From dispensing customized lenses to detecting eye disease, here's how these O.D.s are using aberrometry to maximize patient care.
Dr. Karpecki: We've provided an overview of wavefront lens dispensing and discussed how to select the best candidates. I'd like to know more about how you apply aberrometry in practice to perform refractions and detect disease.
Dr. Gindoff: In our practice, where we manage refractive surgery cases, many of our technicians perform refractions. In the past, knowing who performed the refraction was as important as understanding the data.
With the Z-View Aberrometer, I obtain standardized, repeatable data I can depend on without worrying about which technician performed the presurgical refraction. We've all had problems with instrument-induced myopia associated with some of the other autorefractors that developed over time. But this particular technology doesn't seem as susceptible to that problem.
The Z-View Aberrometer collects and processes data from the eye's higher-order aberrations for individualized prescriptions.
Dr. Campisi: I'm the technician in my office. I perform all of the Z-View scans. I like using the Z-View Aberrometer because it helps me identify cortical spokes, Fuchs' dystrophy and unusual shadows that I wouldn't normally see during refraction. On one occasion, I detected keratoconus before taking autokeratometry or topography readings — even before using the slit lamp. The cone actually cast a shadow and was picked up on the iPrint.
When the aberrometer doesn't produce a usable scan, I know to look for pathology or binocular vision disorder. It's so gratifying when patients realize that I've identified their problems within a few seconds of starting their exam.
Dr. Gindoff: In my practice, we deal with many post-op cataract cases, so it's not uncommon for technicians to tell me they think they've identified a posterior capsule opacification on the Z-View Aberrometer. I check to confirm their suspicions, and they're usually right.
Dr. Quon: My technicians use the Z-View for pretesting, allowing them to identify problems for me in advance. Cataracts, keratoconus and some corneal problems show up as irregularities on the Z-View video display. My job becomes easier when I'm told ahead of time that I may need to examine a patient more closely for ocular health issues. At the same time, the technicians become more involved with patient care and the diagnostic process.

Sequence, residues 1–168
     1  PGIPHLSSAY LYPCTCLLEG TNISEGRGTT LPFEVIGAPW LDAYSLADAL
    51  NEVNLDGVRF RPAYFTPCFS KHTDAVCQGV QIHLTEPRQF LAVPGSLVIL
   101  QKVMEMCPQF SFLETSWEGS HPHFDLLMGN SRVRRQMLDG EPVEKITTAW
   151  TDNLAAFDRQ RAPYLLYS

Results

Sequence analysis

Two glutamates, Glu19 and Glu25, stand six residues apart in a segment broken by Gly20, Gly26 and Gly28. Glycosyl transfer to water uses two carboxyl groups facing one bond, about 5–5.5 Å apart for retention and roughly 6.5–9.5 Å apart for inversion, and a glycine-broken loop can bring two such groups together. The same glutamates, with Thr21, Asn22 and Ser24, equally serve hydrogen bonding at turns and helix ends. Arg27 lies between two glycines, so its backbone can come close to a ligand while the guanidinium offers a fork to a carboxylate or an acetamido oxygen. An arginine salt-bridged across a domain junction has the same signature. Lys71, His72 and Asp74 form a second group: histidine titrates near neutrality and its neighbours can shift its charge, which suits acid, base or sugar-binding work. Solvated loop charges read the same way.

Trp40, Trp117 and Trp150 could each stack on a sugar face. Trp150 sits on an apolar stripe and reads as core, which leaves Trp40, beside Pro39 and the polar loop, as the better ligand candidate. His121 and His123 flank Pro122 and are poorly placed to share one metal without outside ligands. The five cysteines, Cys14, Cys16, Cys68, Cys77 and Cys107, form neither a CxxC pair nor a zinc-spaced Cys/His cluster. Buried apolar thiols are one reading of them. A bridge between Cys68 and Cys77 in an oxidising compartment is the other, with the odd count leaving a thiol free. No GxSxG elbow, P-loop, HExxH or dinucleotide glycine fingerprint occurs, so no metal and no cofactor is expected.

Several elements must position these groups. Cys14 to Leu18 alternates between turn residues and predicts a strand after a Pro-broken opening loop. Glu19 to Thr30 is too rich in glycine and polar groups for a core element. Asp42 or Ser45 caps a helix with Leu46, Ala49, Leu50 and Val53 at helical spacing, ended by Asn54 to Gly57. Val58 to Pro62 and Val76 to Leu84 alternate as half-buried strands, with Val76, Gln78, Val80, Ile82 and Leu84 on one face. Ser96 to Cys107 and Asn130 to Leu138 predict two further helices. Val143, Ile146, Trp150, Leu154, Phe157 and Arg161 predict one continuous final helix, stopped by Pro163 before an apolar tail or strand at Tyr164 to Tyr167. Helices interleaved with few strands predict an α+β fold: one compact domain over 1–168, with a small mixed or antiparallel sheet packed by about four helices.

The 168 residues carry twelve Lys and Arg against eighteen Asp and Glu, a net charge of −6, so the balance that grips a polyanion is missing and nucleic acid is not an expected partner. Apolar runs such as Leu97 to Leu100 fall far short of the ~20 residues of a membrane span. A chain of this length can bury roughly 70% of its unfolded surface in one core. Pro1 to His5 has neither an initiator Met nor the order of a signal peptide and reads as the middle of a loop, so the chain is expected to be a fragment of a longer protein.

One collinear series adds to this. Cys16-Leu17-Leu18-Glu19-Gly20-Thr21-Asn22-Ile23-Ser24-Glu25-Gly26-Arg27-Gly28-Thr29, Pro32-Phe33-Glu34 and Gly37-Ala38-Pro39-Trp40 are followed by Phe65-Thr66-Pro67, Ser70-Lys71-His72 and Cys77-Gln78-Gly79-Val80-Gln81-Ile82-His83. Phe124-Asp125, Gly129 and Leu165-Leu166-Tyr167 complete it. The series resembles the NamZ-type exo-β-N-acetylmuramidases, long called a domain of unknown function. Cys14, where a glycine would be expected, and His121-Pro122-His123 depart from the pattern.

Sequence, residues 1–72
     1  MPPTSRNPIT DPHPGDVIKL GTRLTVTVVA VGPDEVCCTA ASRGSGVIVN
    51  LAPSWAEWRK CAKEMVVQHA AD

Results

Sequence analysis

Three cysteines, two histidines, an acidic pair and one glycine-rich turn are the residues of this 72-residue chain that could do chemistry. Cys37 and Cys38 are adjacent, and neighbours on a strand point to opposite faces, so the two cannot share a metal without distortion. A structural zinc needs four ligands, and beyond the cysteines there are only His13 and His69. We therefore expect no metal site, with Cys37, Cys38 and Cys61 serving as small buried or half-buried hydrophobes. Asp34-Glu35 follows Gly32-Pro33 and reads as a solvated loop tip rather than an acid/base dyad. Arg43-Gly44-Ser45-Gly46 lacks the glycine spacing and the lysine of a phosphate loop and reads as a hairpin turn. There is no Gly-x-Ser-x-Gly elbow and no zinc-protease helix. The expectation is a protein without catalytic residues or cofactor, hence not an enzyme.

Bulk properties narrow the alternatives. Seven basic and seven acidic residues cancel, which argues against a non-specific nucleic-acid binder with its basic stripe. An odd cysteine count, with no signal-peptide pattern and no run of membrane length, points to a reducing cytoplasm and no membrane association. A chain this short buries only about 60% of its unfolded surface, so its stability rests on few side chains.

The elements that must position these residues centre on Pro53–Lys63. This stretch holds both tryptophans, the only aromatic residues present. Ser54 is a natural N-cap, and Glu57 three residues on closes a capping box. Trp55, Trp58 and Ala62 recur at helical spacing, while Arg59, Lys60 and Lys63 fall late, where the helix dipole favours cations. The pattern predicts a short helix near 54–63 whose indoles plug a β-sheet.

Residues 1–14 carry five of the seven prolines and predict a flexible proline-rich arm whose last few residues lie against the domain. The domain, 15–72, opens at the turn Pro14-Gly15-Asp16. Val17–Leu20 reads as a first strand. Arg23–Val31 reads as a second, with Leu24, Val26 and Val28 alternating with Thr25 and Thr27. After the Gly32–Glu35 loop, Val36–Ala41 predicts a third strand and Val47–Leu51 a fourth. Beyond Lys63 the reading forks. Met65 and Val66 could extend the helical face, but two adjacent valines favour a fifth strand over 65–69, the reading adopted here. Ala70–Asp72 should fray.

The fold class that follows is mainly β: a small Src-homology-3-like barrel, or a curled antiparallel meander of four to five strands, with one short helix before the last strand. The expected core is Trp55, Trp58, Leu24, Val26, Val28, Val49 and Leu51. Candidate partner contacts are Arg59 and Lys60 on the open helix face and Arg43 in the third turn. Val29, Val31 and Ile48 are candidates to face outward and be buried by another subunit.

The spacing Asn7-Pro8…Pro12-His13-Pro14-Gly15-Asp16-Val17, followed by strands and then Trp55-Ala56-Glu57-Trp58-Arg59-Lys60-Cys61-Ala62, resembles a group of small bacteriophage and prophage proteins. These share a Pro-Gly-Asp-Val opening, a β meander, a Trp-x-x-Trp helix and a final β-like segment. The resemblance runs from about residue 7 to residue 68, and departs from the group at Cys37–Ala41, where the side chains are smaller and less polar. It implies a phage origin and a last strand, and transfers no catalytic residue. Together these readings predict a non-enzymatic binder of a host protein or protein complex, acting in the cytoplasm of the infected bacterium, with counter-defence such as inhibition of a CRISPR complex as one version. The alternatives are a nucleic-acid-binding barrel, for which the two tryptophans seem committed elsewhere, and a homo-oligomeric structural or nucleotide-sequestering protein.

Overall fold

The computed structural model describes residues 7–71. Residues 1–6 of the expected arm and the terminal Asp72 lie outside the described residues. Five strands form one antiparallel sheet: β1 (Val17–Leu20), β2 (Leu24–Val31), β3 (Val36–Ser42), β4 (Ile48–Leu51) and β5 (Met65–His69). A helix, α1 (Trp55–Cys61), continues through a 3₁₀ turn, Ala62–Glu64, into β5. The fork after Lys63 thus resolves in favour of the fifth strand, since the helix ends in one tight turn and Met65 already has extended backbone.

Detecting other pathologies
Dr. Karpecki: Although the Z-View Aberrometer isn't designed or approved for detecting pathologies other than higher-order aberrations, have any of you detected other pathologies besides Fuchs' dystrophy, keratoconus and cataracts?
Dr. Campisi: Yes, I have detected epithelial basement dystrophy. We were unable to obtain a scan from a patient, who was self-referred from the izonlens.com Web site, due to his EBMD. His ophthalmologist advised me to dilate his pupils to create a larger scan area. The Z-view couldn't produce a wave scan since the dystrophy was too advanced. I could see the maps and dots in retro-illumination right on the aberrometer screen. Even though he didn't qualify for iZon lenses, we improved his vision with gas permeable contact lenses. This was another example of how we attracted a new patient by having state-of-the-art technology. Also, it's created a nice referral source with the patient's corneal specialist.
This MD saw the value in seeking an iZon consult from me before surgical interventions, such as Descemet's stripping endothelial keratoplasty.
Attracting more patients who are seeking correction for corneal irregularities and glare has changed my practice emphasis from primary care to comanagement with corneal specialists. The networking has been a tremendous asset. I've learned that what is good for the patient is good for the practice.
Dr. Karpecki: This is proof that wavefront technology actually can shift the way you practice, depending on how you apply it to patient care. OM
Optometric Management, Issue: June 2007